3. daveburton says:

    Science is neither a social construct nor a set of truths. It is an algorithm, for the discovery of those truths about the physical world. That algorithm is called The Scientific Method:

    https://sealevel.info/papers.html#whitherscience

    Feynman famously explained it:

    Unfortunately, “scientists” often stray far from that ideal:

    https://www.sealevel.info/Bonferroni-blue_by_Hilda_Bastian_used_by_permission_CC_BY-NC-ND_4.0.html

  4. Dave,
    Yes, I’m well aware of the scientific method. That doesn’t really change that the scientific process is socially constructed, even if the results are not necessarily substantively influenced by these societal factors.

    As you may have discovered here before, my tolerance for posting links to sites that promote scientific ideas that are almost certainly wrong is limited.

  5. nyolci says:

    When the dust settles, (natural) science is a bunch of observations and a few (incomplete and inconsistent) mathematical models. These things, whether we like it or not, eventually “live” inside people’s minds. So in this sense science is trivially a social construct. What Dawkins refers to in his tweet is the physical reality. But that’s not “science”. Just as a photograph of a house is not the house itself.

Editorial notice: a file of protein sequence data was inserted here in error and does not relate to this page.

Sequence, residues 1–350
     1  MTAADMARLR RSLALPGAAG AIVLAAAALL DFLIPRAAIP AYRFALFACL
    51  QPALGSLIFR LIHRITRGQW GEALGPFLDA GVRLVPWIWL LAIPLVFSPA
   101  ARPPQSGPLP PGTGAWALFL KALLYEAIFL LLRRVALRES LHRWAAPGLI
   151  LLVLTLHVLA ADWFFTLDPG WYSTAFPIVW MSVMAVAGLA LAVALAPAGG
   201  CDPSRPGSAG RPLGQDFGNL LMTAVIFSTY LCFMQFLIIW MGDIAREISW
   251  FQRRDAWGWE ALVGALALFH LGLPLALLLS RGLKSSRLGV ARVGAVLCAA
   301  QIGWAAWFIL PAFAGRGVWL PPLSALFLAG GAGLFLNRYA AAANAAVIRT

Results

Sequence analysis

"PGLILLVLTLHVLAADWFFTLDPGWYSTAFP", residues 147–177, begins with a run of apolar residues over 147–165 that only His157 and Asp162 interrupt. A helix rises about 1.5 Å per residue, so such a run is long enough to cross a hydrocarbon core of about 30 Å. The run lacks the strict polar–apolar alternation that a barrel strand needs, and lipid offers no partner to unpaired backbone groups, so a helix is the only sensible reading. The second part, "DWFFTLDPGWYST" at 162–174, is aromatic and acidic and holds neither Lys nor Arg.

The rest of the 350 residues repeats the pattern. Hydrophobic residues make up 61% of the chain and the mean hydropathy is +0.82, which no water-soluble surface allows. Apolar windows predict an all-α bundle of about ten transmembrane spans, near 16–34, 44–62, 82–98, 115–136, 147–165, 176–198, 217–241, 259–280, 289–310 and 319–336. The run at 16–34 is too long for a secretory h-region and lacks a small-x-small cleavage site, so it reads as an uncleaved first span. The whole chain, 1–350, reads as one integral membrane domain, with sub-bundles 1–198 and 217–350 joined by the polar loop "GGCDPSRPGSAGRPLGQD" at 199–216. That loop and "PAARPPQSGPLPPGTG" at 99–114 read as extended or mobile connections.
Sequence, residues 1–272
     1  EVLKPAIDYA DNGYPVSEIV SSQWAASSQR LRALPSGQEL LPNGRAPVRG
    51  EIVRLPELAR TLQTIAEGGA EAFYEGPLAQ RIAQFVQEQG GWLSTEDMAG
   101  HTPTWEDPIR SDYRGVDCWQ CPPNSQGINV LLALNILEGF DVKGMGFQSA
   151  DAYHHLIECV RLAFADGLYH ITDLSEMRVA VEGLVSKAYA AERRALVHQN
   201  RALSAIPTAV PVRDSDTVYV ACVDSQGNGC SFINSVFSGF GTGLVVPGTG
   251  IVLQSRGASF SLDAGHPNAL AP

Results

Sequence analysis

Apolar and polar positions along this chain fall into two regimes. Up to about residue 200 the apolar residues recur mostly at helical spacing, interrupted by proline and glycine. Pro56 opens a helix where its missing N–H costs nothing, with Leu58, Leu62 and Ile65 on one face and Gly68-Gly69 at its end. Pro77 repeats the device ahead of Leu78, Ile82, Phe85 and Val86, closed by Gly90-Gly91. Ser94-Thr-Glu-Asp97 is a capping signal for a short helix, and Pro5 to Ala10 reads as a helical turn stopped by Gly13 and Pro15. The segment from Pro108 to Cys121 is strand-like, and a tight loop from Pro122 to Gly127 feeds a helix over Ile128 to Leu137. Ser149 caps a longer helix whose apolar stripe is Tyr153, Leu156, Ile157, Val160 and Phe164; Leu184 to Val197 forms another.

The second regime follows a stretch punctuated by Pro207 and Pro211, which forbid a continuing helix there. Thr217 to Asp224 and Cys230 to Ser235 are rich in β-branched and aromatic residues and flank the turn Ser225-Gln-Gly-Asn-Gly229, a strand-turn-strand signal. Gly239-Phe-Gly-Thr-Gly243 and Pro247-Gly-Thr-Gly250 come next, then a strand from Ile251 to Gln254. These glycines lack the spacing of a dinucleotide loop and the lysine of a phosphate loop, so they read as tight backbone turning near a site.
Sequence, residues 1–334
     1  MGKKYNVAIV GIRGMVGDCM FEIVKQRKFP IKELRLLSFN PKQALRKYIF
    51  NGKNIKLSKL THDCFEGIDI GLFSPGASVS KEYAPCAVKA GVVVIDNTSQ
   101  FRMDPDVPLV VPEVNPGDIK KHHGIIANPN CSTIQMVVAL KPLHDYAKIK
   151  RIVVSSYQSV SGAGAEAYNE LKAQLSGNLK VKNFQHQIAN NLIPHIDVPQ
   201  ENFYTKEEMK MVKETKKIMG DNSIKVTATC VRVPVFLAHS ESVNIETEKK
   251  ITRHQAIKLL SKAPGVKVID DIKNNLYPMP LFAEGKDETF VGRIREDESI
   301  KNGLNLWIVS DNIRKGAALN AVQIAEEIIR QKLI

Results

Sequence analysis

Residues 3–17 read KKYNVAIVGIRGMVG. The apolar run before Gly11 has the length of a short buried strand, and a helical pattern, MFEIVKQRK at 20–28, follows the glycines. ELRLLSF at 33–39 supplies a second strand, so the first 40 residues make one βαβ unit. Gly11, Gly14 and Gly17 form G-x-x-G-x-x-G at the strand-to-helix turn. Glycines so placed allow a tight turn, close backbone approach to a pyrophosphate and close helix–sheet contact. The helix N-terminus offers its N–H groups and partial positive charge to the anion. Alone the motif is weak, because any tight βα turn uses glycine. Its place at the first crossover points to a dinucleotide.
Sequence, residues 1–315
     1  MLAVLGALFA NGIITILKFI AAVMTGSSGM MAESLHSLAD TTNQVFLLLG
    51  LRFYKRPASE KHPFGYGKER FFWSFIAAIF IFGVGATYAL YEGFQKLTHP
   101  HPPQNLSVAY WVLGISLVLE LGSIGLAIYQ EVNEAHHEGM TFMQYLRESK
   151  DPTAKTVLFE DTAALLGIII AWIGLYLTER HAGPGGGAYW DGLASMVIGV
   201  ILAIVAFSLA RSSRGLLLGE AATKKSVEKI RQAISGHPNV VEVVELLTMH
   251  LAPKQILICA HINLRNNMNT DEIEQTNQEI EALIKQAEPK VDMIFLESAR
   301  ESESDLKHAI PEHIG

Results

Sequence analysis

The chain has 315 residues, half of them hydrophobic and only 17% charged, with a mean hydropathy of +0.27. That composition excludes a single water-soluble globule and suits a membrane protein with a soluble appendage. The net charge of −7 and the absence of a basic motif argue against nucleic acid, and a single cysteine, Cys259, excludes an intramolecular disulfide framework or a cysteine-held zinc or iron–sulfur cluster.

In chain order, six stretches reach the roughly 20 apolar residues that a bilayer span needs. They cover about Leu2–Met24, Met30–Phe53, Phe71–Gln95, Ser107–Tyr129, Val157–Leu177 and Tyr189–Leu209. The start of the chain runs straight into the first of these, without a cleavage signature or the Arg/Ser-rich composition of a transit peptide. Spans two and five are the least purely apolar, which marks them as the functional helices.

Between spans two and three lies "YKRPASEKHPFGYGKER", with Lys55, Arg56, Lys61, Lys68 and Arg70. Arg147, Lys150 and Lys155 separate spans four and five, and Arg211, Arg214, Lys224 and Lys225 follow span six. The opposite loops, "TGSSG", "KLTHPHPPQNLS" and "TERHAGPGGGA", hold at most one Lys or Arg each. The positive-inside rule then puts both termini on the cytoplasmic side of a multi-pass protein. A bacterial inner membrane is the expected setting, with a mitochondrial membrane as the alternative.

Okay, social construct. But of course the observations are constrained by physical reality, and the models are constrained by observations. So there’s not a big room for arbitrariness. Still, Physics has two models (the Theory of Relativity and Quantum Mechanics), and in practice we usually use a third one (Newtonian mechanics). Biology, Dawkins’ field, has no mathematical model (yet), it’s still in the observational phase. There is considerable debate about group selection etc.